2015: "Why Can I Maybe Borrow a Couple Dollars Off You Until the Real Estate Bust is Over?"

5. Oh Charlize No!

A Swiss watchmaker is suing Hollywood actress Charlize Theron for allegedly breaking an endorsement deal to wear only its timepieces, the Telegraph reported.

  • Oscar-winning actress Charlize Theron is being sued by Swiss watchmaker Raymond Weil for breach of contract after the 31-year- old was allegedly caught wearing a competitor's watch in public.
  • Now, surely you're thinking, so what? So, some actress slips on the wrong watch and loses her endorsement deal. Why should I care?
  • Because the contract she violated was a $20 million one-year endorsement deal.
  • She apparently didn't even make it THREE MONTHS before breaking the contract!
  • How could this happen?

How Charlize Theron Lost Her $20 Million Endorsement Deal

March 14, 2007

Int. Charlize Theron's dressing room.

Charlize is putting on makeup, finishing up preparing for a product endorsement event as Kevin enters the room.

1).jpg" width="78" /> Hey Charlize, what's up?

Hi Kevin. Just getting ready for this stupid endorsement event. Hate these things!

Well, you look great.

Thanks! You're sweet. Can you do me a favor and hand me that watch over there?

This one?

(Clearly disappointed) No, the Raymond Weil one next to it.

What!? You can't mean this one?

(Putting on the watch.) I know, but I have to.

Haha. Get out! It looks like you're wearing handcuffs!

Does it? It is that bad?

Charlize, that things huge! It looks like you stole Big Ben and hired a blacksmith to meld it onto your wrist!

Is it too heavy for this dress?

Too heavy? Too heavy? What, are you Flavor Flav? That thing's like a cross between a grandfather clock and a pro wrestling championship belt. Wear the red one. It's Dior.

(Whispering) But they're paying me a lot of money to wear this one.

Look, whatever they're paying you - it's not enough to walk around like you just escaped from a chain gang. Trust me. You're an Oscar winner. You have an image to maintain. Give it to me. (Kevin takes back the watch.)

Kevin, you don't understand, they're paying me, like, a lot of money to wear that watch.

(Throws watch out the window.) There. Now, put this one on. It looks great with your dress. Red and black. Classy!

(Reluctantly, Charlize puts on the Dior watch. Once on, she admires the watch.) You know, you're right! I'll just say I lost the Weil watch. What's the worst thing that can happen!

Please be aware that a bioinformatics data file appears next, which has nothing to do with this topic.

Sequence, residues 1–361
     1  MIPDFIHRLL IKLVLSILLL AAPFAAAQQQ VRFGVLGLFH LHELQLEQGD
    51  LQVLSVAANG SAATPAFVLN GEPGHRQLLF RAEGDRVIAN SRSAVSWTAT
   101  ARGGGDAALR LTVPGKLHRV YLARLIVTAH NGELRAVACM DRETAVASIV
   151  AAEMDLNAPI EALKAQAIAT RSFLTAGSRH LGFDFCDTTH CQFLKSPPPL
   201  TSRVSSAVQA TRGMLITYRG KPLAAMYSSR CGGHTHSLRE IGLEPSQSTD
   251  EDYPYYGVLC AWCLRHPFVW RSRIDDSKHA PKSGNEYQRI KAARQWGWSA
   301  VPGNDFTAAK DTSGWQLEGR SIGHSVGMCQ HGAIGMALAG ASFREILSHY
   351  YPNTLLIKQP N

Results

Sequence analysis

Yeah! I mean, it's not like they're paying you millions of dollars to wear a stupid watch. Haha. That would be ridiculous! I'll endorse their watches for free.

Thank you, Kevin. You're so funny and sweet! I feel so much better about my outfit now. How do I look?

You look great. But be sure you hold your hand up during the photos so they can get the watch. Red and black. Classy!

Oh, I'm late! I gotta go! Bye!

Take care, Charlize. (Charlize waves and runs out of the room. Kevin calls after her.) Be sure and show off that watch!

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The information on this website solely reflects the analysis of or opinion about the performance of securities and financial markets by the writers whose articles appear on the site. The views expressed by the writers are not necessarily the views of Minyanville Media, Inc. or members of its management. Nothing contained on the website is intended to constitute a recommendation or advice addressed to an individual investor or category of investors to purchase, sell or hold any security, or to take any action with respect to the prospective movement of the securities markets or to solicit the purchase or sale of any security. Any investment decisions must be made by the reader either individually or in consultation with his or her investment professional. Minyanville writers and staff may trade or hold positions in securities that are discussed in articles appearing on the website. Writers of articles are required to disclose whether they have a position in any stock or fund discussed in an article, but are not permitted to disclose the size or direction of the position. Nothing on this website is intended to solicit business of any kind for a writer's business or fund. Minyanville management and staff as well as contributing writers will not respond to emails or other communications requesting investment advice.